Lady Light posts about the roles of women in Judaism, and about synagogue participation specifically, and sees a door “partially opening”. Ari comments beautifully on the post about how women becoming Rabbis is a step down, and I couldn’t agree more!
Batya comments here on her blog, (the comments here are interesting too) and expresses a lot of my sentiments about the subject.
I am honestly puzzled by some women’s feelings that they are being shunted aside “spiritually” because they cannot lead the services in an Orthodox synagogue. I have always thought that the purpose of going to the synagogue was to pray to G-d. Getting up in front of the synagogue and leading the services is a duty which, in my mind, distracts you from this purpose. Someone who does a good job leading the prayers has a lot to think about, most of which is not about the prayers themselves. You have to make sure that your voice is loud enough for everyone to hear, you have to make sure that you are not going too fast (waiting for the Rav to finish before you go on to the next prayer means being a bit distracted, to say the least!), and if you are musically inclined, thinking of which tunes to use when. Many times I think that the people leading (especially the guests who love to add their own chazzanus) do so because they want to show off – not necessarily because they are “uplifted spiritually” by the exercise. (I must add, though, that most of the men in my yishuv do not do this, and it is sometimes hard to find men who are willing to lead).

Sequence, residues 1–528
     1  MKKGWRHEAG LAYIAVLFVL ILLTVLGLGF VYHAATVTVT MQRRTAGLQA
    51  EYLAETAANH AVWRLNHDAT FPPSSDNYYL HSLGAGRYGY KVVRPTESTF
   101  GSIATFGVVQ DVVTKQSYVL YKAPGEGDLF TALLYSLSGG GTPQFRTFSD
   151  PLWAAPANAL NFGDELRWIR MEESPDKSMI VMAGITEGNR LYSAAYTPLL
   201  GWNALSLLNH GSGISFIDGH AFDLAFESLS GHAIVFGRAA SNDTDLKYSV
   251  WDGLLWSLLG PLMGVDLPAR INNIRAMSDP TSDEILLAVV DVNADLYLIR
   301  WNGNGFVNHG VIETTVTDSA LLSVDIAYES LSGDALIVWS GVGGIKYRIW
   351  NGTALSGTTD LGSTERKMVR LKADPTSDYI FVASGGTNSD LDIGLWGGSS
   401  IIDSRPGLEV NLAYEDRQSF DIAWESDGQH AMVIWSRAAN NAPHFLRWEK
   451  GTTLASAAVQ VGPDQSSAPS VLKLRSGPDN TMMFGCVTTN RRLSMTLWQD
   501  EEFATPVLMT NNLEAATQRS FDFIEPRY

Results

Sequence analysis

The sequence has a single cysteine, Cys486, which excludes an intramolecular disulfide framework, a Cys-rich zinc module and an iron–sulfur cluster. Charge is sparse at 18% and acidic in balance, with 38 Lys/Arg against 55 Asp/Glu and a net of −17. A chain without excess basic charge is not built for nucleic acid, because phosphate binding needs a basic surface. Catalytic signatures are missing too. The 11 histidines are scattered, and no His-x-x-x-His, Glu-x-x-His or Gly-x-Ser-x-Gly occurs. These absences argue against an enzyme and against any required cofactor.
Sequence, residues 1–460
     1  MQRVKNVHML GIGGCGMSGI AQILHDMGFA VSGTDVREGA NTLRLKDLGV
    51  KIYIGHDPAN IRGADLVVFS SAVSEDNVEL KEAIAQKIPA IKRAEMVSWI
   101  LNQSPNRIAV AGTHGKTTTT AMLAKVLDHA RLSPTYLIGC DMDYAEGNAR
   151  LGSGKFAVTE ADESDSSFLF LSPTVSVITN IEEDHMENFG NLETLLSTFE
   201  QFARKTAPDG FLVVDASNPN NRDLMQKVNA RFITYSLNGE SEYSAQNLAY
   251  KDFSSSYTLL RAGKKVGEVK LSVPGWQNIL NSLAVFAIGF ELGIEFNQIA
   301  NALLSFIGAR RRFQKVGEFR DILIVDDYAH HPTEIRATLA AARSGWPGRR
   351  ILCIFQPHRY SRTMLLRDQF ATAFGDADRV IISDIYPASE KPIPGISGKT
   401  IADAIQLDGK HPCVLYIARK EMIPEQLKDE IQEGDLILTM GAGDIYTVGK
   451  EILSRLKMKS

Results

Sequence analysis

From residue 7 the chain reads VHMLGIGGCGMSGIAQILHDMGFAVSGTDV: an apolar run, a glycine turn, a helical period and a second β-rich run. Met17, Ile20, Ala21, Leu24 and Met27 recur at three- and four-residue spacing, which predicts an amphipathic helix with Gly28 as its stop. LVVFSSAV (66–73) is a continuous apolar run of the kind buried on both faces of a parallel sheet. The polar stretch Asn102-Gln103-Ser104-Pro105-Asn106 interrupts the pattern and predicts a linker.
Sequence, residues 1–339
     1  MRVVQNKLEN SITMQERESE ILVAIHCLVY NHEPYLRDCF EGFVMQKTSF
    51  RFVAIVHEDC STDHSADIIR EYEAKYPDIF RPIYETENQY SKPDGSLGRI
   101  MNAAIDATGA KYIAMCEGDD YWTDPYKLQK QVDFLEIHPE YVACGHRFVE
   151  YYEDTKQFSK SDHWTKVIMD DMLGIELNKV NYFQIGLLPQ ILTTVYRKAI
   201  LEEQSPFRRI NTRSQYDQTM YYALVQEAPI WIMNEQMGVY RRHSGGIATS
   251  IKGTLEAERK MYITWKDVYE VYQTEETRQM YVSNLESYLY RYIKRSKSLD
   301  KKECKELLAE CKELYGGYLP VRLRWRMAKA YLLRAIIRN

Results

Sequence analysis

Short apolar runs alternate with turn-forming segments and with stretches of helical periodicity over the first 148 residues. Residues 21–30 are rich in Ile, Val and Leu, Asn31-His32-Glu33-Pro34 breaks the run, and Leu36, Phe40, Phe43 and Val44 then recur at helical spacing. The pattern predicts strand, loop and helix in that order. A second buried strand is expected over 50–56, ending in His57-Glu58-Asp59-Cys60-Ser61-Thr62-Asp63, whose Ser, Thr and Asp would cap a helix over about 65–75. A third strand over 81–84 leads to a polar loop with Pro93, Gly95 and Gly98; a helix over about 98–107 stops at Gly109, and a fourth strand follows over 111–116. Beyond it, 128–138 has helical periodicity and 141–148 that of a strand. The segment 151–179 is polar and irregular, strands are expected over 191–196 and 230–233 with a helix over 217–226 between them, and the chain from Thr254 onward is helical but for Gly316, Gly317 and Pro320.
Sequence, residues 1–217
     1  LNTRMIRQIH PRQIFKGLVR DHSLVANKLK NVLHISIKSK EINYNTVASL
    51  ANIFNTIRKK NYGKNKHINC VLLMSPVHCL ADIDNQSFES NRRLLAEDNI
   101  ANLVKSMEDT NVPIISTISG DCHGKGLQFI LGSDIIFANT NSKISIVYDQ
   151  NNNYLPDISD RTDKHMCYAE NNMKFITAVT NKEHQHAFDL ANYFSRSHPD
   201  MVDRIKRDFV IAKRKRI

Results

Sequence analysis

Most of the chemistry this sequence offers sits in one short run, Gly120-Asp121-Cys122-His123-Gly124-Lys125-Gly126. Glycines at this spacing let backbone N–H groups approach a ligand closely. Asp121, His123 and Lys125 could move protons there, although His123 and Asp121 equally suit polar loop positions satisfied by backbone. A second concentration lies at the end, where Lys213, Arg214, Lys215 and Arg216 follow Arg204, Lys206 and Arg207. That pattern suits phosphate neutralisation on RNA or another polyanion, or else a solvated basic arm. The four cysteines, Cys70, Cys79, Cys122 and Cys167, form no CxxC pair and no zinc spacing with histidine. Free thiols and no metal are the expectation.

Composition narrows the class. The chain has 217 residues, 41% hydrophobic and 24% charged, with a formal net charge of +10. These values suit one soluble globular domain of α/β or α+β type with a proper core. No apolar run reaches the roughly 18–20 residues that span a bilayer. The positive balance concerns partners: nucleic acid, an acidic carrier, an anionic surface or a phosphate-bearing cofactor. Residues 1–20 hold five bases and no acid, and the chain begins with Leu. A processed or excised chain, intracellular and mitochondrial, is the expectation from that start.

Orthodox women are not being held back from coming close to G-d in any way. We are “prevented” from one way in which to “show off”. Personally I think this is to our advantage.